ESG Factors in Sovereign Debt Investing

Environmental, social and governance (ESG) factors are a key aspect of the fundamental country credit analysis within the Emerging Markets Debt team at Neuberger Berman, as we view them as important determinants of the country’s potential as an investment destination. Incorporating ESG into investment analysis also reflects our commitment to the Principles for Responsible Investment (PRI), of which Neuberger Berman is a signatory.

Our ESG model draws upon carefully selected series of research, statistical and survey data provided by international organizations, offering a comprehensive framework to complement our analysis of country-specific macroeconomic developments. ESG factors make up 40% of the Country Credit Model (CCM), our proprietary analytical tool that rates relative sovereign debt creditworthiness in emerging markets.

Application of ESG to Sovereign Debt Analysis

Our process begins by defining ESG at the country level, given that the term typically applies to company-specific performance in financial analysis.

  • The broad concept of “governance” refers both to political issues with immediate credit implications and policy issues with long-term economic and investment impact.
  • Social factors are significantly intertwined with the political/governance issues as they determine the backdrop for the decision-makers in formulating policies relating to the economy and investment. This context varies considerably among countries in terms of educational standards, poverty, illiteracy, ethnic and religious differences, and demographic factors.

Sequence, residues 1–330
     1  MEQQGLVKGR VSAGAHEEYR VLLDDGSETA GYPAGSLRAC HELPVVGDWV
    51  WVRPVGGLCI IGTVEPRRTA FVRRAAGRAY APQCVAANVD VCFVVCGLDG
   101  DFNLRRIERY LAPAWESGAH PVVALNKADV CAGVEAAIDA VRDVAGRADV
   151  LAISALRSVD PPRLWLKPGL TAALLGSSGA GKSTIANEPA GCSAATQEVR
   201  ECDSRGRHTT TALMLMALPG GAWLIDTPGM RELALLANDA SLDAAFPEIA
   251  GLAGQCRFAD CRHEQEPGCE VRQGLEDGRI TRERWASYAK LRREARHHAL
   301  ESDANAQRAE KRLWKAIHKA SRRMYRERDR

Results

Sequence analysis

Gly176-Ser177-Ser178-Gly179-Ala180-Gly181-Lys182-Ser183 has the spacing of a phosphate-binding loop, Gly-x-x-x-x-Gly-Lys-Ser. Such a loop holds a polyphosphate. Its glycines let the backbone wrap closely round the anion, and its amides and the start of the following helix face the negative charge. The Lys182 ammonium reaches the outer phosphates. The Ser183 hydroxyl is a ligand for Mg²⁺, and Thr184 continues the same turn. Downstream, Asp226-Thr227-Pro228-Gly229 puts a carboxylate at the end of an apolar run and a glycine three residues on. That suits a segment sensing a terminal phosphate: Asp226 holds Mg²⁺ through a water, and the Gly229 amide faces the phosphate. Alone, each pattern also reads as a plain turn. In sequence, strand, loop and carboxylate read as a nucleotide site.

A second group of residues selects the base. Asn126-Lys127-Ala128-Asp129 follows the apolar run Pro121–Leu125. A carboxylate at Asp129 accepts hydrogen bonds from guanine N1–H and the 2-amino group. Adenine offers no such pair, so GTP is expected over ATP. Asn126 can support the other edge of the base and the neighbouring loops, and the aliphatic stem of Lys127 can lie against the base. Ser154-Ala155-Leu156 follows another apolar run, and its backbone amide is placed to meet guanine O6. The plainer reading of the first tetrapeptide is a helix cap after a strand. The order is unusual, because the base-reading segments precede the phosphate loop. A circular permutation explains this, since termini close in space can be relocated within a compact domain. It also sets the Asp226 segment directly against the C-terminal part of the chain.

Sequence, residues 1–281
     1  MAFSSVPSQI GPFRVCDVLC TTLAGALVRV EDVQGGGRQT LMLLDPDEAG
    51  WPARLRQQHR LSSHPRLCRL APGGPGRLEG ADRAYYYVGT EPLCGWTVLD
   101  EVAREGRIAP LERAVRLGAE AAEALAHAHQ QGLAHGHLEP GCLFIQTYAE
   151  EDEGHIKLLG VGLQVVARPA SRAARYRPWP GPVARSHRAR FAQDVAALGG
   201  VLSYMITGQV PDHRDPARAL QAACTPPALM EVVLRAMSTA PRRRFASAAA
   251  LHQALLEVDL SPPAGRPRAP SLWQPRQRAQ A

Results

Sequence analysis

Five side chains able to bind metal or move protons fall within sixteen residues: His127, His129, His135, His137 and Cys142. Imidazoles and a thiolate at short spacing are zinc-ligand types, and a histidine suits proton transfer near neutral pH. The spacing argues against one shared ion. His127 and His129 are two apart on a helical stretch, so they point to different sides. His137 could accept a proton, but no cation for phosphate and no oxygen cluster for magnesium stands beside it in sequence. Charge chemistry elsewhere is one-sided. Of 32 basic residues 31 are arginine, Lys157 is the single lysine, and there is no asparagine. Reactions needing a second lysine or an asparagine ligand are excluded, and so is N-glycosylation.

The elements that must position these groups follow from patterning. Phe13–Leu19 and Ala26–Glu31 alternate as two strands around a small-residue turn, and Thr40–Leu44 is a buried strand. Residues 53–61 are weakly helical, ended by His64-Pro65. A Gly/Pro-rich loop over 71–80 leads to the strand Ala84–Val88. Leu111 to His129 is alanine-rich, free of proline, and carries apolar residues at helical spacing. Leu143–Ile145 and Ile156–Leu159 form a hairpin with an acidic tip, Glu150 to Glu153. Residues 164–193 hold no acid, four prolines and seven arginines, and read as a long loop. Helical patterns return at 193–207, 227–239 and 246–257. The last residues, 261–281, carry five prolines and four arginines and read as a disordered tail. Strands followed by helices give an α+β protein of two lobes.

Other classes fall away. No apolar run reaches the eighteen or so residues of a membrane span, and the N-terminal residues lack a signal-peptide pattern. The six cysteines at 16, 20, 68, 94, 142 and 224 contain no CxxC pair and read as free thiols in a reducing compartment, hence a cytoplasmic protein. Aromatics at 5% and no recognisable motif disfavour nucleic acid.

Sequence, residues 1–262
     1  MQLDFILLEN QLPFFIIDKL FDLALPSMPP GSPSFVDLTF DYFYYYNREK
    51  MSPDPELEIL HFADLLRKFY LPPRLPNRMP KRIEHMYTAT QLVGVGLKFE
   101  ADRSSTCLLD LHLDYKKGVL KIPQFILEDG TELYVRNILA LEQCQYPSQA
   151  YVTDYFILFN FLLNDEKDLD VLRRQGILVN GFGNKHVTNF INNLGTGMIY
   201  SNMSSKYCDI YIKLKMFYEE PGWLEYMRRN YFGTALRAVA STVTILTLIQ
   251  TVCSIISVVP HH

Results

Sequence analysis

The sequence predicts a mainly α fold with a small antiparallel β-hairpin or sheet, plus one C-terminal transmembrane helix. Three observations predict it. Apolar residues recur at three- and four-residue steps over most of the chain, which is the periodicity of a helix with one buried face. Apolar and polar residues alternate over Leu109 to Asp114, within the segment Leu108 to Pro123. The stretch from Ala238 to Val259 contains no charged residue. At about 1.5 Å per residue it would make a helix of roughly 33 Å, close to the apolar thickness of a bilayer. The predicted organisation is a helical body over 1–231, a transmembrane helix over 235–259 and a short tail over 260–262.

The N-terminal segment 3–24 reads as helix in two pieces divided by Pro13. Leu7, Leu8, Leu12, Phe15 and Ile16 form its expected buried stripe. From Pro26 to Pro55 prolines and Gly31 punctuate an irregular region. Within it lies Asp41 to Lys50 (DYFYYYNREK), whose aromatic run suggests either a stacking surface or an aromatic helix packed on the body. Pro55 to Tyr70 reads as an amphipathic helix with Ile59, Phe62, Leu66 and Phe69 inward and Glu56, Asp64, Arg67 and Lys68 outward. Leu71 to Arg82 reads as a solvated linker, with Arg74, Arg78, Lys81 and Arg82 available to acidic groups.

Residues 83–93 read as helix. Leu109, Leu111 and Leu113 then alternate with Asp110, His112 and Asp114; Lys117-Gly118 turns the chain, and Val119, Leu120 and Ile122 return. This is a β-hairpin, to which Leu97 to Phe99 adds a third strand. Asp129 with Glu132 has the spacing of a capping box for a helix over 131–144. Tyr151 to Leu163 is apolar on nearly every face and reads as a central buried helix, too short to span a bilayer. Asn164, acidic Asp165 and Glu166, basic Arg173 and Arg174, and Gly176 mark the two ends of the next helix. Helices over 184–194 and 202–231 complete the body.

• Environmental factors are important in judging the country’s role as a responsible global actor and the efficient use of energy resources. Country adherence to environmental goals also sets the tone for the private sector.

Academic research undertaken over the past two decades has found significant relationships between ESG factors and sovereign creditworthiness. For example, a comprehensive study by Manesse and Roubini (2005)1 finds the timing of upcoming elections to be an important explanatory variable of financial crises from 1970 to 2002. The authors also find trade openness to be a key factor in hindering defaults and debt restructurings, as relatively open economies tend to lose more from economic disruptions of international trade triggered by credit events.

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